Average age at which people have children in the UK has been increasing since 1970s
Average age at which people have children in the UK has been increasing since 1970s

Older mothers are better mothers, study suggests

'Psychological maturity' of older mothers beneficial to children’s wellbeing, researchers say

Katie Forster
Wednesday 22 March 2017 08:07
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Children born to older mothers experience fewer behavioural, social and emotional difficulties, a new study has suggested.

The average age at which people have children in more developed countries like the UK is rising, with women often warned that having children later can increase the risk of complications in pregnancy, including miscarriage.

But the “psychological maturity” of older mothers can have a beneficial effect on children’s wellbeing until their mid-teens, according to researchers at Aarhus University in Denmark.

The study, published in the European Journal of Developmental Psychology, found older mothers do not scold or physically discipline their children as much as those who give birth at a younger age.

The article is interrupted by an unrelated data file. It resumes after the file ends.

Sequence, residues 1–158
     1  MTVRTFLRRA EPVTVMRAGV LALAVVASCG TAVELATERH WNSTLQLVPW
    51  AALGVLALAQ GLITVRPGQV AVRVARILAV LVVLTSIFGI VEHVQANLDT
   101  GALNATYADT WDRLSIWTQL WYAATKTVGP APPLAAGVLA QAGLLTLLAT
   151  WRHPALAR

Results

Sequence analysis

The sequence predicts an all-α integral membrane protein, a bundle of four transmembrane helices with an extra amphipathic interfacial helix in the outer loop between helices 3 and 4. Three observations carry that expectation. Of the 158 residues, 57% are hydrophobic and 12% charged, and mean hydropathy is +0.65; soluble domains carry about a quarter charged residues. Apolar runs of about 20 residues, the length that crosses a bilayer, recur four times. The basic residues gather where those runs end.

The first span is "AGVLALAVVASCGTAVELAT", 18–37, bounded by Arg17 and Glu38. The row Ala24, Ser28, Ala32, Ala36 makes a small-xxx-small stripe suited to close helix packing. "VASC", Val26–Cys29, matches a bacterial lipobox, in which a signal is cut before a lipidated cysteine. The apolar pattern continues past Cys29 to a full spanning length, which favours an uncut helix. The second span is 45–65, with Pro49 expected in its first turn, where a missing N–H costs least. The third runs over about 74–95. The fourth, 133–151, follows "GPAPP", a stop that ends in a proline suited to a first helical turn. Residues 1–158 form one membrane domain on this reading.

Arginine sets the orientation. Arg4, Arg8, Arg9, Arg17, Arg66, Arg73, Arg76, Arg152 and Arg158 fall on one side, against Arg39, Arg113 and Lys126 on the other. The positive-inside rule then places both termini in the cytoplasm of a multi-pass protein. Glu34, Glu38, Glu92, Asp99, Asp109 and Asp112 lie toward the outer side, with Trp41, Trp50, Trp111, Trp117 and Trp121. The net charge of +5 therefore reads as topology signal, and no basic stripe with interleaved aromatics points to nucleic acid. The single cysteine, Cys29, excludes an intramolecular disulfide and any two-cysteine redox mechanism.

Researchers analysed responses from a random sample of 4,741 mothers from a major survey involving children and their families in Denmark.

They found up until adolescence, the children’s grasp of language and social development improved as the age of their mother increased, regardless of factors including background, education and finances.

This was the case among children aged seven and 11, who had fewer social and emotional problems if their mothers were older, but the effect appeared to level off at age 15.

“We know that people become more mentally flexible with age, are more tolerant of other people and thrive better emotionally themselves,” said Professor Dion Sommer, who led the research.

“That's why psychological maturity may explain why older mothers do not scold and physically discipline their children as much.

“This style of parenting can thereby contribute to a positive psychosocial environment which affects the children's upbringing.”

Older mothers with teenagers continued to scold their children verbally less often than younger mothers, but for children aged 15, there was no difference in how often they received physical sanctions depending on their mother’s age.

Live births in 2015 in UK by age group of mother and father

The average age at which people have children in the UK has been steadily increasing since the 1970s and more than half of births in 2015 were to mothers aged 30 and over.

In 2015, the average age of women having children was 30.3 years old, while fathers were an average of 33.2 years old, according to Office for National Statistics data.

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